The Shadow Knows

According to Freud, the persona is basically our personality – what we lead with out in the world, our espoused values, what we identify with, who we think we are.  The shadow is what lies beneath the surface, what we don’t know is there – stuff that may violate our espoused values and may not serve us, others or society.  Others may see it better than us, but it will confuse them and catch them off guard because – based on our personality – they do not expect it.  To a great extent, psychological health involves accessing and integrating the shadow – getting to know and accept it, making friends with it, and finding constructive ways to express it.

I have an older friend, Harry, back in Syracuse whose persona is very attractive and constructive.  He’s charming, funny, generous and helpful.  He has a big old Labrador retriever who he loves to death.  Based on this personality, it surprises people when his shadow turns up as competitive – wanting to control things and people, wanting to be one-up.  When his dog was a pup and Harry was training him, he was very influenced by the Dog Whisperer.  He believed that central to dog training was to be alpha – the leader of the pack – and to command obedience from your dog.  If he felt one-down to someone who was important to him, he couldn’t tolerate that for too very long.  He would need to find some way to re-balance things – to feel one-up, sometimes by criticizing or even verbally and emotionally attacking. He would never have described himself in any of these ways, because his shadow was deeply buried – out of his consciousness and thus out of his control.

I have a persona that is in many ways like my friend Harry’s. I’m a “nice guy” – sometimes even identified by the occasional perceptive person as “too nice”.  My shadow – which I have gotten to know pretty well over a lot of years of self-exploration – is quite different than Harry’s.  The latent, more buried part of me – rather than competitive – is primarily aggressive.  I have an unidentified need to tell people off, to call a spade a spade, to look and sound angry when I’m angry.  The socially constructive part of this side – especially to the extent that I make it conscious – can be speaking truth to power, giving constructive challenging feedback and setting boundaries and limits.  My “wise guy” self is a way to blow off steam that – if not always genuinely constructive – at least mostly does no harm.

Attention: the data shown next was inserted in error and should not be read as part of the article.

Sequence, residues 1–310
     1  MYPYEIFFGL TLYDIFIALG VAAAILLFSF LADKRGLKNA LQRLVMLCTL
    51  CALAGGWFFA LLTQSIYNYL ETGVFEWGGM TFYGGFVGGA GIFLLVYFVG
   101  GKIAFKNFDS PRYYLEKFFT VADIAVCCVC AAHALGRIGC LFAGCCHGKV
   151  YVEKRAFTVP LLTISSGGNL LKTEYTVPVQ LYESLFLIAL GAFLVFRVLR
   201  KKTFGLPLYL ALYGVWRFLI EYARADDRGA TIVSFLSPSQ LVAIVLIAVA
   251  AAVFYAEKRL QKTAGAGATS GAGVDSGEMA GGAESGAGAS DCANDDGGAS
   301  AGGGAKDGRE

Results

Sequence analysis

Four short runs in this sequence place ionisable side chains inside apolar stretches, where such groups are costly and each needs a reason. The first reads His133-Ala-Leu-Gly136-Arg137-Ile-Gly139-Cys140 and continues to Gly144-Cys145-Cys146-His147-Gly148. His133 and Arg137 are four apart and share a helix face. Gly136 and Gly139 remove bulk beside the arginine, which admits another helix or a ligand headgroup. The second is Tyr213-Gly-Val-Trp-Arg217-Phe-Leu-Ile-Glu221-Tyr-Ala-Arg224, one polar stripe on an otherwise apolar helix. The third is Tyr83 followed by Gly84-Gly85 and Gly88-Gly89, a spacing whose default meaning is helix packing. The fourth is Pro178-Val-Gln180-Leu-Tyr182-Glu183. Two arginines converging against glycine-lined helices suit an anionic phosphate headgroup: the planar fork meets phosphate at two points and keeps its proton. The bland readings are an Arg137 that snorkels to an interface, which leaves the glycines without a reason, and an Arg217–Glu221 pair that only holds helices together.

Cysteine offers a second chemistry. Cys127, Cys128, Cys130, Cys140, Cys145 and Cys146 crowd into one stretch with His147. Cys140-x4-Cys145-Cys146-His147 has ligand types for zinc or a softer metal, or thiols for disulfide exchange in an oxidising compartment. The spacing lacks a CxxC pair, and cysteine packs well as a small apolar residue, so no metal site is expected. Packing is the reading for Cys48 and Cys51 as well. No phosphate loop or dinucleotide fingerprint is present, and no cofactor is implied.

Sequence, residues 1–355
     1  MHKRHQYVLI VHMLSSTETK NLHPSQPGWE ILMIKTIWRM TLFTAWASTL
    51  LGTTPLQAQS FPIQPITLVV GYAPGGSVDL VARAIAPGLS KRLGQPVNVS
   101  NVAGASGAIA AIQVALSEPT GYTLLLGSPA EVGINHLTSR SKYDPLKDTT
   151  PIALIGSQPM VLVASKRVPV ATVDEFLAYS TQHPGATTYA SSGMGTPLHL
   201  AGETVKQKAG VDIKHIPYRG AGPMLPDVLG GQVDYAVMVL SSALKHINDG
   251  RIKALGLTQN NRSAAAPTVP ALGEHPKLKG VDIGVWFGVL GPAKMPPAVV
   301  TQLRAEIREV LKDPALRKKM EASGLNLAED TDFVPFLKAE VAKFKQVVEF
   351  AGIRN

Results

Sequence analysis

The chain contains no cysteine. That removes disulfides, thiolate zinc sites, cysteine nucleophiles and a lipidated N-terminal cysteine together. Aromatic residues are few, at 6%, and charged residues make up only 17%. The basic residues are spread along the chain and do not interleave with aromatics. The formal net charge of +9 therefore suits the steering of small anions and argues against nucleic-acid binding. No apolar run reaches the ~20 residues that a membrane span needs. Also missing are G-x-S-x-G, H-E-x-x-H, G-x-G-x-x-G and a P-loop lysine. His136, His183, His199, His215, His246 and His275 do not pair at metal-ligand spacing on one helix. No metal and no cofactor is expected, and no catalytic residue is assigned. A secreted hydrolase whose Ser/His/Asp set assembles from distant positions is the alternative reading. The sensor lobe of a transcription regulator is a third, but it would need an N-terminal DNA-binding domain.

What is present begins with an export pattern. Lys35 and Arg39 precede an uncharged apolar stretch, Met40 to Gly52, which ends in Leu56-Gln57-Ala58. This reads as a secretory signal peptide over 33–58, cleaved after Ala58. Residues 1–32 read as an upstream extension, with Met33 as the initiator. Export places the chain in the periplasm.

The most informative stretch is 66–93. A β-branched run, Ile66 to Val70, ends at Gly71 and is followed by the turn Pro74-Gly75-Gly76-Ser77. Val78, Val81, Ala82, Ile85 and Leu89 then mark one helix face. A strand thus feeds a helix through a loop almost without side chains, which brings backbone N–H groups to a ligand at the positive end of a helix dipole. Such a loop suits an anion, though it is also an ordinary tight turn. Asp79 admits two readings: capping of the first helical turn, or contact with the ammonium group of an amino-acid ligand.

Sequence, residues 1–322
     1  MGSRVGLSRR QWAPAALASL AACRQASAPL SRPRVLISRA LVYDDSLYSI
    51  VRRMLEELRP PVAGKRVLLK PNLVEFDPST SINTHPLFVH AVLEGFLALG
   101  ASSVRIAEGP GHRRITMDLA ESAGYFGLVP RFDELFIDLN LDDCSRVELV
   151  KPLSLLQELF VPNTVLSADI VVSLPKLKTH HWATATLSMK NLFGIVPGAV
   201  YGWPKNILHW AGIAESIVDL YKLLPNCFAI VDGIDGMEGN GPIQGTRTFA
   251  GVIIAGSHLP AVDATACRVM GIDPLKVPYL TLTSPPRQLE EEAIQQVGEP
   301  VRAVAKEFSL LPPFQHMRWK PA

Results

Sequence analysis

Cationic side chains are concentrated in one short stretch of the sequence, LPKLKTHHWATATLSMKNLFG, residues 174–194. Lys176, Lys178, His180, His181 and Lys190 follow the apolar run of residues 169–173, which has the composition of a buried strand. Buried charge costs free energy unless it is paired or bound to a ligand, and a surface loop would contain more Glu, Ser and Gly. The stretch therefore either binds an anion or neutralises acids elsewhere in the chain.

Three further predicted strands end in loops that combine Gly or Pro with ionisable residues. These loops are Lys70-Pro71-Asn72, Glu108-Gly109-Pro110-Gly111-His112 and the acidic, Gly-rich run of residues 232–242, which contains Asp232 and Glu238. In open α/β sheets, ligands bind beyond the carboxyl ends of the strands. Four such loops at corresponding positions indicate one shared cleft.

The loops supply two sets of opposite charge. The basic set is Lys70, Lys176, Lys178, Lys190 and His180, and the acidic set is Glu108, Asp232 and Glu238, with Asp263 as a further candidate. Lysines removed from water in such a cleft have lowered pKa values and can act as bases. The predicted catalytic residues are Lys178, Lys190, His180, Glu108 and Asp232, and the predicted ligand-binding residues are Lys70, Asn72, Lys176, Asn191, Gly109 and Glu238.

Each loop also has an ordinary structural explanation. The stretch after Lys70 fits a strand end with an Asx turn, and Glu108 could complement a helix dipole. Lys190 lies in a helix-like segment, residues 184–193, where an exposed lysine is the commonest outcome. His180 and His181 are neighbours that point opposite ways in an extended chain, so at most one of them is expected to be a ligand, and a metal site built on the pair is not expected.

The less constructive part of my aggressive shadow is suddenly erupting in anger that I have not integrated and maybe didn’t even know was there.  The even more gnarly part of this side gets manifested when I need to justify that anger and give others lots of feedback about that is wrong with them.

Battery Park 5-18

Our apartment building

In my apartment building, there is a dog Rocky that menaces and intimidates most other dogs.  He’s really good at it – he looks and sounds really aggressive. And his mom Susan is not very good at controlling him. My dog Pancho was kind of like me in reference to Rocky: at first he was very mild- mannered – then he became lots more aggressive.  This behavior did nothing to set limits on Rocky, but made both of them pretty scary for people who happened to be around.  On one recent occasion, I was keeping my Pancho back a long ways from the elevator from which Rocky emerged, spitting nails.  Both dogs screamed at each other.  As the elevator door was closing to take Rocky and Susan up to their higher floor, I didn’t actually scream, but I did say very loudly “My dog will kill your dog.”  I was pretty surprised myself at the eruption of such menacing behavior, but I started to laugh at it almost as soon as the elevator was gone.  It was really thrilling to manifest my shadow in such a powerful and mostly harmless way.

I told this story to a couple of my friends in the building who also found it very funny, but one of them warned me that – among many rules and policies for the building – one of them specifically enjoins people from threatening each other.  “You could get in trouble with the building.”  The next day I encountered Susan and Rocky on a bench outside the building, without my dog along to create a scene.  (Rocky is really very nice with people.)  I said to Susan “I am really, really sorry for what I said to you yesterday.”  Susan responded “What did you say?”  “Oh, nothing, really.”  I think she is hard of hearing.


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